Architecturally speaking, many home buyers have very definite ideas about their preferred house style.
Whether it stems from a sense of practicality or positive childhood memories, few house hunters are "on the fence" when it comes to the number of stories their ideal house should have.
Perhaps you're one of those people who grew up in a two-story house and wouldn't feel right sleeping down the hall from the kitchen and family room. Some people just prefer their sleeping quarters to be on the second floor!
Although it's a matter of personal preference, there are certain practical aspects to buying a ranch-style or traditional rambler house.
Less stair climbing: While this is an advantage that seniors typically value the most, stairs can be a burden anyone -- especially when you're lugging suitcases, boxes of books, or that heavy new futon you wanted to put in the guest room.
You can probably also recall countless evenings when exhaustion set it, and the last thing you felt like doing was climbing a long, winding staircase to get to your bedroom. (Okay, well maybe it's not "winding," but you get the idea!)
Then, of course, there are those times when you haven't been to the gym in a few months -- make that years -- and your home treadmill has turned into more of a clothes rack than an exercise machine! Although going up and down stairs a few times a day can help counteract the effects of a sedentary lifestyle, sometimes stairs can feel like they're more trouble than they're worth! That would definitely be the case if you have any physical conditions or health problems which make climbing stairs painful or medically unsafe. (Your physician can provide helpful advice on the latter.)
Home maintenance: If you hate getting up on tall ladders to paint your house or clean your rain gutters, owning a one-story home is a solution. Since home maintenance and repairs can often end up costing a bundle, it may make sense to consider doing your own exterior house painting. Although it's time consuming, messy, and sometimes a bit strenuous, painting your own house can potentially save you thousands of dollars in labor costs. Naturally, you'll still need to buy your own paint, brushes, rollers, and other supplies, but the amount of money you can save on labor is substantial.
Personal safety: If there's a fire or other emergency and you need to quickly evacuate your home in the middle of the night, a first-floor window can be safer and less scary than having to exit your house though a second-story window. While this type of dire situation is unlikely and will hopefully never happen to you, it's one of many factors to consider when comparing and contrasting ranch-style homes with other architectural styles.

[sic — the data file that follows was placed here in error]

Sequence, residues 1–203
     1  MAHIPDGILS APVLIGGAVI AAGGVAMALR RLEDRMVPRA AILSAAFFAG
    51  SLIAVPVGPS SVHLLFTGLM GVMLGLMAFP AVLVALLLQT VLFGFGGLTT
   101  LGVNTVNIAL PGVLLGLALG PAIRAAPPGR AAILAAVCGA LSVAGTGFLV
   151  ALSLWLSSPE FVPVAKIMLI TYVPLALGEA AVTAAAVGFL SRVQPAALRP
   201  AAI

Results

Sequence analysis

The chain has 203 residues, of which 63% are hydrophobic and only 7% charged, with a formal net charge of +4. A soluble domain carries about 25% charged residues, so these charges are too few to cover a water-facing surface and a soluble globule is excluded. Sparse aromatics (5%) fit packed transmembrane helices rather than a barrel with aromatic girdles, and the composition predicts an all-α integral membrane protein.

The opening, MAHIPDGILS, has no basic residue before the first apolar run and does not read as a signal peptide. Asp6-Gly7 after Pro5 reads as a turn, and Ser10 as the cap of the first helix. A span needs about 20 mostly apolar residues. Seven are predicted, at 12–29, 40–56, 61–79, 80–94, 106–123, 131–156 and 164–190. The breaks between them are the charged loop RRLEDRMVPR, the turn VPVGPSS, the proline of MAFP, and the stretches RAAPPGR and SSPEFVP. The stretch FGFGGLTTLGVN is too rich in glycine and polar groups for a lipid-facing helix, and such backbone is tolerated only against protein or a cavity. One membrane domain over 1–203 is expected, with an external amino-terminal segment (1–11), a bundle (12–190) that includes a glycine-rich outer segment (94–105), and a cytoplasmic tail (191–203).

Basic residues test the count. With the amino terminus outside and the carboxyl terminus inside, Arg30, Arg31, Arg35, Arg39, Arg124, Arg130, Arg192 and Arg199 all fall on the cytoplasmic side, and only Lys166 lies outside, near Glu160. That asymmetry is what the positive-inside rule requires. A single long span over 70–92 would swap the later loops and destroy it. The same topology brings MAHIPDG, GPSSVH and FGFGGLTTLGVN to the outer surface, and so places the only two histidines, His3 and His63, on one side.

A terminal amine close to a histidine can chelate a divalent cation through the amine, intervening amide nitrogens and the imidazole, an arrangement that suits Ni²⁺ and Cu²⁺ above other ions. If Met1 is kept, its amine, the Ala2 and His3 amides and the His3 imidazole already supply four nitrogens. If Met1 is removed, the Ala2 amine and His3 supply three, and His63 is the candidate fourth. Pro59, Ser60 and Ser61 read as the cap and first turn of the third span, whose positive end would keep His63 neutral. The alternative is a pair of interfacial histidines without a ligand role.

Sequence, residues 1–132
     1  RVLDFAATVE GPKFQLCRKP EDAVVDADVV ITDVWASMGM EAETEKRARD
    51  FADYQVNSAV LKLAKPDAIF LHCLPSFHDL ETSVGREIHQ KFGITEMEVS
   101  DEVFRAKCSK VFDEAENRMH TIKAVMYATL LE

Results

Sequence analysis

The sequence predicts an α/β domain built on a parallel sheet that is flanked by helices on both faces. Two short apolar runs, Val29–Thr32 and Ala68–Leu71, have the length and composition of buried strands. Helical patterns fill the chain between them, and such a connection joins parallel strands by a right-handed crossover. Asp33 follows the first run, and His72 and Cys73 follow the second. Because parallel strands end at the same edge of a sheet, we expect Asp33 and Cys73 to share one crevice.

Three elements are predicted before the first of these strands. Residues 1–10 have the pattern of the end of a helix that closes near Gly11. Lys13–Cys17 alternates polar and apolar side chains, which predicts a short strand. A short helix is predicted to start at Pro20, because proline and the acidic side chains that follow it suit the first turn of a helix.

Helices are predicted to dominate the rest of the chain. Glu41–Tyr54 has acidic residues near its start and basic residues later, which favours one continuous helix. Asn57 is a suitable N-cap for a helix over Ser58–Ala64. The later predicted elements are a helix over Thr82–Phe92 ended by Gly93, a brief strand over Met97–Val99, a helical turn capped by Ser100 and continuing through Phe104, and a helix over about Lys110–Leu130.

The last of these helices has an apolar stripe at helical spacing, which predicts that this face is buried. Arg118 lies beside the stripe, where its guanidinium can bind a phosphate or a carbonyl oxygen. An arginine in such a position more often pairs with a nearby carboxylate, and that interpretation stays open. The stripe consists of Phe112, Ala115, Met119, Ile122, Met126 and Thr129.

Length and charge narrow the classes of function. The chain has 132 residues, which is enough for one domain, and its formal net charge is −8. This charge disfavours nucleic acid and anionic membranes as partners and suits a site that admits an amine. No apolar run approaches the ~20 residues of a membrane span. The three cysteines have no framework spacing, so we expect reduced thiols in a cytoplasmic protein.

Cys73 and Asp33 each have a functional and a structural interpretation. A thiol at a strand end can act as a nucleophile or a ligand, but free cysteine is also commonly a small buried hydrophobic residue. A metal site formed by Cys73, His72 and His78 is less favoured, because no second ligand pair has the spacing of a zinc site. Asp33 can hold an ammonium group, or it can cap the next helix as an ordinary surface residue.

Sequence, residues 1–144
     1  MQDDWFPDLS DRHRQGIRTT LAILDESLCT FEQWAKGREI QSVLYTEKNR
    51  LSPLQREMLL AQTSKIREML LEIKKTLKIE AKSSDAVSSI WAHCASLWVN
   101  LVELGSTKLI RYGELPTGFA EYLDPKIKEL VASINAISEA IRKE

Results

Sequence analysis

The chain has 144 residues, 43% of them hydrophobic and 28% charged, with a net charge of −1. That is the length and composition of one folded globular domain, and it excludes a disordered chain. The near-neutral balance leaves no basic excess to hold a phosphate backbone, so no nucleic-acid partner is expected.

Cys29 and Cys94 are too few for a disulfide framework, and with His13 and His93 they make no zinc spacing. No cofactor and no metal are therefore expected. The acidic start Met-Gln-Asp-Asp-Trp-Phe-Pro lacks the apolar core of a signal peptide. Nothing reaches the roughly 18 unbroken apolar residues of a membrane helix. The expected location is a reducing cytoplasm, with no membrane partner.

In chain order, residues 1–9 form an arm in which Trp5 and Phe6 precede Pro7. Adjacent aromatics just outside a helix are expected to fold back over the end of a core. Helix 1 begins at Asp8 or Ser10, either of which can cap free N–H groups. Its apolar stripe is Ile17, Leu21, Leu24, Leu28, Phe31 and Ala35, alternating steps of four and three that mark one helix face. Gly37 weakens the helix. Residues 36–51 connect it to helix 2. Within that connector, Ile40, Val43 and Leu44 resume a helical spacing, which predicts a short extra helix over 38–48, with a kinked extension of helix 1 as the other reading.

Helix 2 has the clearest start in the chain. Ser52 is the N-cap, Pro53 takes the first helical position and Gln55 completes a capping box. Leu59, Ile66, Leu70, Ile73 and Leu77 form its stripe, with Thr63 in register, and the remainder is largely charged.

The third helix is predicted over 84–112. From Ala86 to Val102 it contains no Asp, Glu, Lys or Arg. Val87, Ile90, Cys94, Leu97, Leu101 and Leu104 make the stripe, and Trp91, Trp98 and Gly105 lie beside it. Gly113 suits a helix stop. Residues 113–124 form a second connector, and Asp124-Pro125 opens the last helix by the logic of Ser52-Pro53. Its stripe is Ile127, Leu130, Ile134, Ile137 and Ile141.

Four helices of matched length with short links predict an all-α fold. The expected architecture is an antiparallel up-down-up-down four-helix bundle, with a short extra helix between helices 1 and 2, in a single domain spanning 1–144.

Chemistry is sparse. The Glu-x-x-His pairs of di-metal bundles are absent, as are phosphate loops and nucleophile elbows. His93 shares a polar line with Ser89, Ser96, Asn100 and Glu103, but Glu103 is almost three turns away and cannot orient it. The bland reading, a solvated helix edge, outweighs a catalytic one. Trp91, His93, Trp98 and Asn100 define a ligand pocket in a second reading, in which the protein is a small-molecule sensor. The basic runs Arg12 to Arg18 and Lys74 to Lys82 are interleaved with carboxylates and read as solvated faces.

If you do opt for a two-story (or three-story) architectural style, such as a colonial, craftsman, Tudor, Victorian, or farm house, it's especially important to have a fire escape ladder on hand, as well as a working knowledge of its proper use.
A home seller may face a variety of dilemmas as he or she tries to get the best price for a residence. However, a seller who prepares for potential problems may be better equipped than others to enjoy a fast, profitable property selling experience.
Now, let's take a look at three tips to help you get ready for potential home selling dilemmas.
1. Upgrade Your Residence
You may believe your residence will sell quickly, but the housing market offers no guarantees. Fortunately, if you allocate time and resources to upgrade your residence, you could differentiate your home from comparable houses in your city or town.
Removing clutter will make it easy for you to show off the true size of your home's interior to prospective buyers. Furthermore, you should clean each room of your home. If necessary, you may want to hire a professional home cleaning company too.
Don't forget to trim the hedges, mow the front lawn, repair cracked or damaged siding and perform other home exterior upgrades, either. If your home boasts amazing curb appeal, potential buyers may fall in love with your residence as soon as they see it.
2. Establish a Competitive Initial Asking Price for Your Home
If your home's initial asking price is too high, you risk alienating potential buyers. But if you analyze the real estate market closely, you can use housing sector data to establish a competitive initial home asking price.
Take a look at the prices of recently sold houses in your city or town, as well as the prices of available residences that are comparable to your own. This information provides a glimpse into the current state of the housing market and can help you determine how to price your residence.